The full ULEZ package is expected to halve emissions of nitrogen oxide (NOx) and particulate matter (PM10) from vehicle exhausts in central London. More than 80 per cent of central London would be expected to meet the nitrogen dioxide (NO2) annual EU legal limits in 2020. The number of people living in areas of poor air quality (where levels of NO2 exceed legal limits) would reduce by 74 per cent in central London, 51 per cent in inner London and 43 per cent in outer London. It will also encourage the use of more sustainable forms of transport, and provide a stimulus to the ‘green economy’ in particular the development of ultra low emission technology and vehicles.
Transport for London (TfL) will continue to lobby the Office for Low Emission Vehicles (OLEV) for further funding from its £500 million funding pot to support the uptake of zero emission capable vehicles and put in place supporting charging infrastructure. This includes applying for funding from the new national £20m pot specifically for taxis and private hire vehicles, announced today.
Detailed plans for the new rapid charging network in London, on which TfL is working closely with key stakeholders, including boroughs and taxi and private hire trade organisations, are expected to be published later this year.
Michèle Dix, TfL’s Managing Director responsible for ULEZ, said: “London’s air quality has an impact on the health of every person living in this city which is why addressing emissions from road transport is such a priority. The ULEZ is a feasible and effective way to improve air quality not only in central London but it will also have a positive impact across the whole city too. We believe that giving owners of non-compliant vehicles more than five years to prepare means that they have fair warning to decide whether to change their vehicle to one that meets the emissions standards of the zone or pay a daily charge.”
The ULEZ will require:
- Cars and small vans – Euro 6 for diesel engines (registered from 1 September 2015 so 5 years old or less in 2020) and Euro 4 for petrol engines (registered from 1 January 2006 so 14 years old or less in 2020). Non-compliant vehicles could still drive in the zone but they will be required to pay a daily charge of £12.50;
- Large vans and minibuses – Euro 6 for diesel engines (registered from 1 September 2016 so 4 years old or less in 2020) and Euro 4 for petrol engines (registered from 1 January 2007 so 13 years old or less in 2020). Non-compliant vehicles will be required to pay a daily charge of £12.50;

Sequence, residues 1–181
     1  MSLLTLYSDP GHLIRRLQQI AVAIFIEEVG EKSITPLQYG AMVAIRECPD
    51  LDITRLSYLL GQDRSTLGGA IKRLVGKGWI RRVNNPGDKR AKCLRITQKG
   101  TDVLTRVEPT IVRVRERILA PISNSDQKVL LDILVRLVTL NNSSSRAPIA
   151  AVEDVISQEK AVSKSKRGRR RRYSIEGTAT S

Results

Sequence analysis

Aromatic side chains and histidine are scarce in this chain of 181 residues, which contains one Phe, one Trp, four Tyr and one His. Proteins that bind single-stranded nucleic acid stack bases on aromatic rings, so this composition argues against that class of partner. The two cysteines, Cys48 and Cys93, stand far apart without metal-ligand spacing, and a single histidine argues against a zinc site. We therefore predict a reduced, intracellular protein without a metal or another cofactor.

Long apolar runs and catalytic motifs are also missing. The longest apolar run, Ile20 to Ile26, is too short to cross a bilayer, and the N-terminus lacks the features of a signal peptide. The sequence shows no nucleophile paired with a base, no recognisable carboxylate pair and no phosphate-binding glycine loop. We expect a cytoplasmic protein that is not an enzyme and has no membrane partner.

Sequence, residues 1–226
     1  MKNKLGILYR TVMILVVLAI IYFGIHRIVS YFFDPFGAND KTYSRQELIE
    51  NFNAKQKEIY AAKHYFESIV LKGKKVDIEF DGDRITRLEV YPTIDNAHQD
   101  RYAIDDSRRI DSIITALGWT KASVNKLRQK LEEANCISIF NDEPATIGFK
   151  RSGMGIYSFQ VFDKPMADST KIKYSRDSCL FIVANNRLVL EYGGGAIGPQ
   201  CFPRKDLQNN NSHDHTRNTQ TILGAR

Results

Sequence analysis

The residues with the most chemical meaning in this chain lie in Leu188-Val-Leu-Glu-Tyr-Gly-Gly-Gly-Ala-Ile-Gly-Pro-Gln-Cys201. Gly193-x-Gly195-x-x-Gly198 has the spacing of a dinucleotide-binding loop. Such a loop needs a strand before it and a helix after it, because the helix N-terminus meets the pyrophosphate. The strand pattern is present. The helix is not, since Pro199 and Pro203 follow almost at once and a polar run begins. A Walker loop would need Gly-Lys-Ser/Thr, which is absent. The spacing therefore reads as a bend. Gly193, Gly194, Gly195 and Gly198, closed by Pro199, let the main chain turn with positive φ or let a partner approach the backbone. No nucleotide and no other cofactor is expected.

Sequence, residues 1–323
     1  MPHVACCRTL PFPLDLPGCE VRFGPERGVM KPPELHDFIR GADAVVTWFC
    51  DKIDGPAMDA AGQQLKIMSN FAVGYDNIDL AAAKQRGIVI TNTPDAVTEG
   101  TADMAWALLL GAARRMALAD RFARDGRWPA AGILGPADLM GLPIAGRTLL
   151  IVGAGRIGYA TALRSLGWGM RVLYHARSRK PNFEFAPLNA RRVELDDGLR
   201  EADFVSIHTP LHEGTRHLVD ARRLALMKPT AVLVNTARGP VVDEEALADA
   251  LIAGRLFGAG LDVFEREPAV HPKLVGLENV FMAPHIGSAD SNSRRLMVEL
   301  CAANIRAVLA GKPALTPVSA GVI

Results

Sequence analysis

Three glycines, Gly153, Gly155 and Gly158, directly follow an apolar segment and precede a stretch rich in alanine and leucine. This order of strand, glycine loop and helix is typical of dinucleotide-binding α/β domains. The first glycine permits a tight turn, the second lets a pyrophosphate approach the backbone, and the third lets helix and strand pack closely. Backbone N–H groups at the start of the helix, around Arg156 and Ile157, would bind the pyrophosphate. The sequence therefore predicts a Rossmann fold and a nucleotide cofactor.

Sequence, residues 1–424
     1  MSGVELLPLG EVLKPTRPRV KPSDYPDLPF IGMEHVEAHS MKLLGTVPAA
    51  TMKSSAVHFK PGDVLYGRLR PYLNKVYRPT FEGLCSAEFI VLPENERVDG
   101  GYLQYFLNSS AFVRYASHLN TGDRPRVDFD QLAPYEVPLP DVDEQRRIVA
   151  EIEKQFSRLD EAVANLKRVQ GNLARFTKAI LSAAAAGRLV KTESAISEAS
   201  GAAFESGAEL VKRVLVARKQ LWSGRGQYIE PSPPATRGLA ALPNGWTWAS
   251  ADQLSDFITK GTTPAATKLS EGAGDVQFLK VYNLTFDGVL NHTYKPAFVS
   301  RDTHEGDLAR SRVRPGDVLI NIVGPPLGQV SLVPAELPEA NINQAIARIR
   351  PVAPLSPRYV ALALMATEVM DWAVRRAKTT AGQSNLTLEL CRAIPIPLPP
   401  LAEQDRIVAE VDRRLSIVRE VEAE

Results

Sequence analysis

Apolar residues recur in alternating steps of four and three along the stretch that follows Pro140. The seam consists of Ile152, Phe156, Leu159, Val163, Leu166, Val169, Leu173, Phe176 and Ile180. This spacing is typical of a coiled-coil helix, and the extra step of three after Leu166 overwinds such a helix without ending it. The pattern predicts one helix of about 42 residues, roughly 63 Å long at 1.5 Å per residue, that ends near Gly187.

- Heavy goods vehicles, buses and coaches – Euro VI (registered from 1 January 2014 so 6 years old or less in 2020 except TfL buses which are required to meet a higher standard). Non- compliant vehicles will be required to pay a daily charge of £100;
- Motorcycles and similar vehicles – Euro 3 (registered from 1 July 2007 so 13 years old or less in 2020). Non-compliant vehicles will be required to pay a daily charge of £12.50.
The announcement follows careful consideration of over 16,000 responses received during the ULEZ consultation from the public, businesses and stakeholders. Seventy nine per cent of respondents said it was ‘important’ or ‘very important’ to tackle poor air quality in London and 58 per cent said they ‘support’ or ‘strongly support’ the introduction of the ULEZ.
The Mayor and TfL have intentionally confirmed the emission standards over five years in advance of the introduction of the ULEZ in September 2020 to give sufficient warning and preparation time to affected drivers as well as to accelerate the take up of low emission vehicles and stimulate the low emission vehicle market. Residents living in the Ultra Low Emission Zone will have a three year ‘sunset period’, meaning that they do not need to comply with the emissions standards until September 2023.
Following the consultation, the Mayor today announced that vehicles adapted for disabled people will also have a three year ‘sunset period’, meaning that they do not need to comply with the emissions standards until September 2023. He has also confirmed that vehicles in the 40 year rolling vehicle tax exemption for classic vehicles will be exempt from the ULEZ standards.